The Hope and Change Edicts
What are we to make of our current NASA chief, the distinguished retired Marine Corps major general and astronaut, Charles Bolden, who, in an interview with al Jazeera, listed a “foremost” NASA objective as finding “a way to reach out to the Muslim world and engage much more with dominantly Muslim nations to help them feel good about their historic contribution to science, math, and engineering.”?
All of this, Bolden adds, expands the Obama “Cairo initiative,” those lofty revisionisms that the president offered to the Muslim world last summer in Cairo.
Surely, there is some mistake? Did a right-wing satirist hijack the transcript and insert “to help them feel good”?
OK—if it is a correct transcription, here are four or five off-the-top-of-the-head problems with this nonsense:
1) NASA is supposed to launch rockets and other craft, study space, and travel above the atmosphere. Its duties, especially at a time of budget restraints, are not to make any one “feel good,” much less “the Muslim world.” (e.g., why not “the Latin American world” or “African world”?).
The “Muslim world,” I think, feels pretty good about itself; in contrast, I fear we in the West apparently do not. (e.g., so far no Muslim leaders that I know are reaching out to the West to assure us that they both respect Western civilization and want to emphasize their admiration for our culture).
I wouldn’t mention the “Cairo initiative.” Bad idea. That was the most embarrassing speech given by an American president in a decade. Last June Obama misled his audience on nearly every “fact” presented, from the absurdity of Muslims in Cordoba supposedly serving as beacons of tolerance during the Inquisition (there were essentially no Muslims in Cordoba by that time), to the assertion that Muslims helped to jump start the Renaissance and Enlightenment (when in fact, flight from, or reaction against, Islam in the eastern Mediterranean had far more to do with both European intellectual awakenings). An early 15th-century Greek scribe fleeing the steady year-by-year Ottoman advance toward Constantinople, bringing with him a manuscript of a previously unknown Greek author, or Romantic Enlightenment thinkers like a Lord Byron writing of the need for a Greek revolution against the Turks, is not a sign of an Islamic pedigree for Da Vinci or Voltaire. Wait — maybe the president meant that attitudes toward Islam, as in fear of Islamic absolutism, helped to foster these two intellectual movements?)
2) Worry not, Gen. Bolden, about Muslims and space. Relax — soon there will be an intercontinentally-delivered Iranian bomb. The Syrians like space — otherwise they would not be testing Scuds. And not long ago, Dr. Khan did his best to make Muslims acquainted with the potentials of nuclear energy released in the stratosphere. Where did this idea originate that Muslims are not interested in space? Was it an article from Rev. Wright’s newsletter (e.g., “Pastor’s Page”) that suggested the Jews had new bombs that could detect Arabs — a sophisticated “ethnic bomb”?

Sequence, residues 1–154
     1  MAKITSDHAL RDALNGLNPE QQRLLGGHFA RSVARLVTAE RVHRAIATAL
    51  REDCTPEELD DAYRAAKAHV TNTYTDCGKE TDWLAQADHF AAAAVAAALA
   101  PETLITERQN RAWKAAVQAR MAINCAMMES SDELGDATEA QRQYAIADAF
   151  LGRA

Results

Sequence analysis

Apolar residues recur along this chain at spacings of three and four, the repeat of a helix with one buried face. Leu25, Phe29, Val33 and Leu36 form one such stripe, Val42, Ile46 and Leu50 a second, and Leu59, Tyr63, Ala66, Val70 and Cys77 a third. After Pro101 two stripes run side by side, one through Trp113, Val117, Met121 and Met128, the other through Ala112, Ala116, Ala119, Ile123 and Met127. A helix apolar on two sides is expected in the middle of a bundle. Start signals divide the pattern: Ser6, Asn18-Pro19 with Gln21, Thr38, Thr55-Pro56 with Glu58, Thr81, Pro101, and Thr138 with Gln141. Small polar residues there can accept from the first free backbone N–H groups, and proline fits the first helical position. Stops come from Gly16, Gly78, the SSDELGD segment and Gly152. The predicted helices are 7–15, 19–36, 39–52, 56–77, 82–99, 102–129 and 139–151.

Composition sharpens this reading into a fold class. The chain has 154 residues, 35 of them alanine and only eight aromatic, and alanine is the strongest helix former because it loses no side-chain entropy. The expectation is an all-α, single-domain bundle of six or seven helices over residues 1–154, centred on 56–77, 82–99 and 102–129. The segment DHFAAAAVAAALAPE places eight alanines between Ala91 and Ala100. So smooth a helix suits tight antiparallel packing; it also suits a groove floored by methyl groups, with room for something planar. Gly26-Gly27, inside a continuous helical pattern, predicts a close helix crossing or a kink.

3) It is beyond the power in 2010 of even Gen. Bolden to change the Islamic history about and attitudes toward science. To read of Ottoman scientific investigation between 1500 and 1900 is to learn of real trepidation among any Muslim scientists challenging the “authority” of the Prophet, by claiming near divine knowledge about the way things work, whether at work on lighthouses or munitions. There is a reason Dr. Khan went to the West to learn bomb-making rather than to Libya or Yemen — and it had nothing to do with the failures of the West to remind Muslims of their glorious scientific past.
4) Once more, no worry, Gen. Bolden: we know you support “diversity” and wish to make the other feel good about himself. Otherwise you would not be at NASA. But al Jazeera? These were the guys that broadcasted the snuff videos of beheadings and, in Iraq, always seemed, strangely, to be right on the scene with cameras just as American Humvees were at the opportune moment blown into the sky by massive IEDs. Al Jazeera, in other words, is antithetical to everything NASA used to be.
5) There is no record that the 18-month long outreach has worked in any department. Again, 2009 saw more foiled terrorist attempts here at home than in any year since 2001. The Middle East is at the brink. Iran is more, not less, hostile for our outreach. All that has changed with Syria is that it now openly sells missiles to Hezbollah, oblivious to our courting. A Major Hasan or Abdul Mutallab does not care whether we send a video to Iran or NASA boasts of its caring to al Jazeera. Turkey is growing more hostile, and cares not a bit that Obama apologized for slavery and the treatment of Native Americans. I could go on, but to the tiny degree that anyone in the Muslim world takes note of the NASA outreach, it will mostly be terrorists who equate our niceness with appeasement, and become encouraged that ex-American generals are now redirecting NASA to educate Muslims on their supposedly glorious scientific past, and not so interested in deterring them as was true after 9/11.